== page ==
The progression of modern science fiction builds its basis on the oft misunderstood “Blade Runner” while the horror genre finds respect through the first “Alien”. Both films were undertakings of an early 30s Ridley Scott attempting to progress a notion of mortality or simply of loss within an unforgiving world which casts aside whatever it pleases.
That is why “Prometheus”, his long awaited return to the genre, is exactly reflective of that personification. While functioning simply as a thriller using ideas of immortality might be attributable and somewhat indulgent, the intonation of what he is saying is personified in his aversion to saying what really might be below the surface.
The functionality of the movie is based in Noomi Rapace’s character (whom she herself calls a “believer”) who convinces a certain company to fund a trip to a distant planet that might be the origin point for the human race. The interesting angle here in terms of topography, landing and literal proportion of the objects involved is that one could see this as the Alien planet. The key is in the details of which they are many and many are misdirects. Damon Lindelof, the writer (also responsible for “Lost” and the “Star Trek” reboot) knows the lore undeniably which concedes his point of misdirection but also essentially let him keep certain elements open.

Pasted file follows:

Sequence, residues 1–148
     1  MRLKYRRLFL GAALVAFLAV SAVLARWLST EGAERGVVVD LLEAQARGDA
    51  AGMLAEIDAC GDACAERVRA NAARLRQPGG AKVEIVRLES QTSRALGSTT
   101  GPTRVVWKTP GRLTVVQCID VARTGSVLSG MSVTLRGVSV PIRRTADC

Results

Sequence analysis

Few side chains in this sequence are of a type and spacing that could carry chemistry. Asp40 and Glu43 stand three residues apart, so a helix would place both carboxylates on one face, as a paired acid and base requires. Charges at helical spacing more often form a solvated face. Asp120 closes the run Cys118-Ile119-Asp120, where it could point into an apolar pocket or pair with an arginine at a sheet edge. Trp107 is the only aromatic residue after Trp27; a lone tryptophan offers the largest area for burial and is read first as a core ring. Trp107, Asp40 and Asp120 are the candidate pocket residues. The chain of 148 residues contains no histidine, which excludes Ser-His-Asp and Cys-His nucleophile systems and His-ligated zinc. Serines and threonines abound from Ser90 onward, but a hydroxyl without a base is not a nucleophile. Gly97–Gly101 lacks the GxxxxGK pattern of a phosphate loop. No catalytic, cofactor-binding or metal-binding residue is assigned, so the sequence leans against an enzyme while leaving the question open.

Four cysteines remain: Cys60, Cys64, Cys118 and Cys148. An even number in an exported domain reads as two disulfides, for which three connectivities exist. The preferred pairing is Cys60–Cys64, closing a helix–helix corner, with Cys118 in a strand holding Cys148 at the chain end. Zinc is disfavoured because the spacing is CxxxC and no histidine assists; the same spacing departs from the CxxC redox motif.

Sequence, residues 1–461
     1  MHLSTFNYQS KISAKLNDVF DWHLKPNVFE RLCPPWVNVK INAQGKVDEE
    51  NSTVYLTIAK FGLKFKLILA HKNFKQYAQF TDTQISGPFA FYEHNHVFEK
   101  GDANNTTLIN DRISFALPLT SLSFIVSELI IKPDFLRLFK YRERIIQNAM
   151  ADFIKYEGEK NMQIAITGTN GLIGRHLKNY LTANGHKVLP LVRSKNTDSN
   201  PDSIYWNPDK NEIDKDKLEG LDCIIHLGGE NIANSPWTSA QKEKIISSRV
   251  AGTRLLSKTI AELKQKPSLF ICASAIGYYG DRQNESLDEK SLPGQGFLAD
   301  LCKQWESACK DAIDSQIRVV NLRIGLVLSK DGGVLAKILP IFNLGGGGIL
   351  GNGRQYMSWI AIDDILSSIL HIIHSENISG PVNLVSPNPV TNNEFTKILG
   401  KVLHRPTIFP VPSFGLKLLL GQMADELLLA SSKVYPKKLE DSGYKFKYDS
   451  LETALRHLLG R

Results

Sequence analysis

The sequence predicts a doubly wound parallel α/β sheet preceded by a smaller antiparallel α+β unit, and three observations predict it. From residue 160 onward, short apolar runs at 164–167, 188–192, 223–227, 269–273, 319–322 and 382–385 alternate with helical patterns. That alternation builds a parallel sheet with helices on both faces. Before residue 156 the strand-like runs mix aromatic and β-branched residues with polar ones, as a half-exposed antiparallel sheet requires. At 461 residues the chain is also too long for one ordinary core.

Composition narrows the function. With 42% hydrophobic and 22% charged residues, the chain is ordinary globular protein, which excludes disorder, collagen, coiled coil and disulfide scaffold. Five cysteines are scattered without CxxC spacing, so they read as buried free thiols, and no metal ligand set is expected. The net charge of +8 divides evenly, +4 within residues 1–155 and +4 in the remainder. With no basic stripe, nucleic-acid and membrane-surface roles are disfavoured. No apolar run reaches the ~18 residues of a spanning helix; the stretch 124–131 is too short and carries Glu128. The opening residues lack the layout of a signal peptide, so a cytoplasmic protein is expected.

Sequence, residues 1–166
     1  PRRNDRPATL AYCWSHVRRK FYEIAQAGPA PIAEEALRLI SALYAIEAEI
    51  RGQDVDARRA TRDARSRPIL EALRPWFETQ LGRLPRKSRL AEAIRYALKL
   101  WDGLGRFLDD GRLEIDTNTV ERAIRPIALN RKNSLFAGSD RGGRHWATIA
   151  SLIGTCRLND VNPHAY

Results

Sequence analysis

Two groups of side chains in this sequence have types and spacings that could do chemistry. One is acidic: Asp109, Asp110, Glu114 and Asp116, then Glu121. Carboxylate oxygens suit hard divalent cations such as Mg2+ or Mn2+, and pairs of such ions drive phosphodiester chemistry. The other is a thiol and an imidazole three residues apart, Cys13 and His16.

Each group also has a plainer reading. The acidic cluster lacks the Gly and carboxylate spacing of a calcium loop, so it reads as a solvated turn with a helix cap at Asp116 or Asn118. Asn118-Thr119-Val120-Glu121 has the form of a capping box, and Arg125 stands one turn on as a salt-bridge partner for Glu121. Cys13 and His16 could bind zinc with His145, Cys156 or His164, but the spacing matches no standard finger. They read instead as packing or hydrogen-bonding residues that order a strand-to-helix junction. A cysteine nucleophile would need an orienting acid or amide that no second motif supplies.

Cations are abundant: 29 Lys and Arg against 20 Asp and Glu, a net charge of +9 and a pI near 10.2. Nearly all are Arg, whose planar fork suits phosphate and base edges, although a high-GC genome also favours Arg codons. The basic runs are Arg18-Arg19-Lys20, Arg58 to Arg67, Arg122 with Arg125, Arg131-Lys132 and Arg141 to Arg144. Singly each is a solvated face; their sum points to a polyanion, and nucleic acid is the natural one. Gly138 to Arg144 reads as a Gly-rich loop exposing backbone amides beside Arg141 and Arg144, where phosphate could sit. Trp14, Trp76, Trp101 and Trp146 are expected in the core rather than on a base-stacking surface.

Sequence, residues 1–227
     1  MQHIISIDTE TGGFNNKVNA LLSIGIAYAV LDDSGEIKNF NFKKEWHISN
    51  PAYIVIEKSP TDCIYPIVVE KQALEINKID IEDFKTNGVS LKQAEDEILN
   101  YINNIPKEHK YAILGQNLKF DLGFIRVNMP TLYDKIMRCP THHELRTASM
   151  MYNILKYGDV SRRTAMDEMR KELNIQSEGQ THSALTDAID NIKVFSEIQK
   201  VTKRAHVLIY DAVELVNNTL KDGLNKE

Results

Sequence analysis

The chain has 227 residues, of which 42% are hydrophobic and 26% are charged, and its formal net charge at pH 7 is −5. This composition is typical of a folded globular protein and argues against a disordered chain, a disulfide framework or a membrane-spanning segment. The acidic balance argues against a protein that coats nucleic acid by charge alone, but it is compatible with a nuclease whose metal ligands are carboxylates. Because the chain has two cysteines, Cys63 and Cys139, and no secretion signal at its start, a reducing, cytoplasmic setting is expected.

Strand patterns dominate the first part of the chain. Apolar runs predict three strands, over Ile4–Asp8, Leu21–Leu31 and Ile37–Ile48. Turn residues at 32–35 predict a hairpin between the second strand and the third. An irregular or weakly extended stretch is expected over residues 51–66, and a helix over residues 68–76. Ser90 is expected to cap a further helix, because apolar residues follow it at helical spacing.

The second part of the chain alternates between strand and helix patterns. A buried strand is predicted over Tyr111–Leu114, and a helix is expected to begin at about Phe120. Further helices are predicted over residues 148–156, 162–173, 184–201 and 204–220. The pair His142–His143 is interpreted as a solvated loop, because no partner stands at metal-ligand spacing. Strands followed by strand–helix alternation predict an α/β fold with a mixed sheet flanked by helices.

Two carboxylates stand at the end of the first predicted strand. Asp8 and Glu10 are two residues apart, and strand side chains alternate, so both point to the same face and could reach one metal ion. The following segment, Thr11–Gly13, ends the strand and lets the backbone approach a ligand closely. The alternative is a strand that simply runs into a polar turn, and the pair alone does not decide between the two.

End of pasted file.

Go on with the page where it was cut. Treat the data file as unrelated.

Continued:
The proponent of many things also revolves around David, played with almost comedic (say Chaplin) progression by Michael Fassbender. Whether through his fastidious coloring of hair to resemble Peter O’Toole as Sir Lawrence in a well-regarded film or small seemingly strategic ploys of the movie that only the audience sees, the intention is to use what we know of the “Alien” universe to extrapolate motivation. However, also in play is what a new generation will see without the background of those movies. The layers are applicable which is what gives this movie a bit more than one would expect.
That said, there are many theories that can abound and that is what is good about a film like this as well as the viral campaign that preceded its release. What it is also good at doing, unlike many films today, is feel the need to explain everything (which is more an extension of studio-watch guarding than anything else).
Charlize Theron’s character Vickers is of particular interest, specifically in the way she is built and inter-played throughout the film strategically with David and an older elder figure. The clues in the dialogue as well as what is not shown speak to something undeniably connected in who and what her character is. It is one of the nicely created puzzles of the piece. The ship itself as it lands and the maze they enter into are simply a construct for a different story being told.
Because saying any more would ruin much of the re-watch value on the picture, “Prometheus” does accomplish what it set out to do: create a thought provoking diatribe on modern science fiction by the man who redefined it nearly two generations ago. While time will decide this picture’s impact within the pantheon, it shows that time does allow a bit of perspective and, at times, influence on what is said, how it is built and how it is filtered.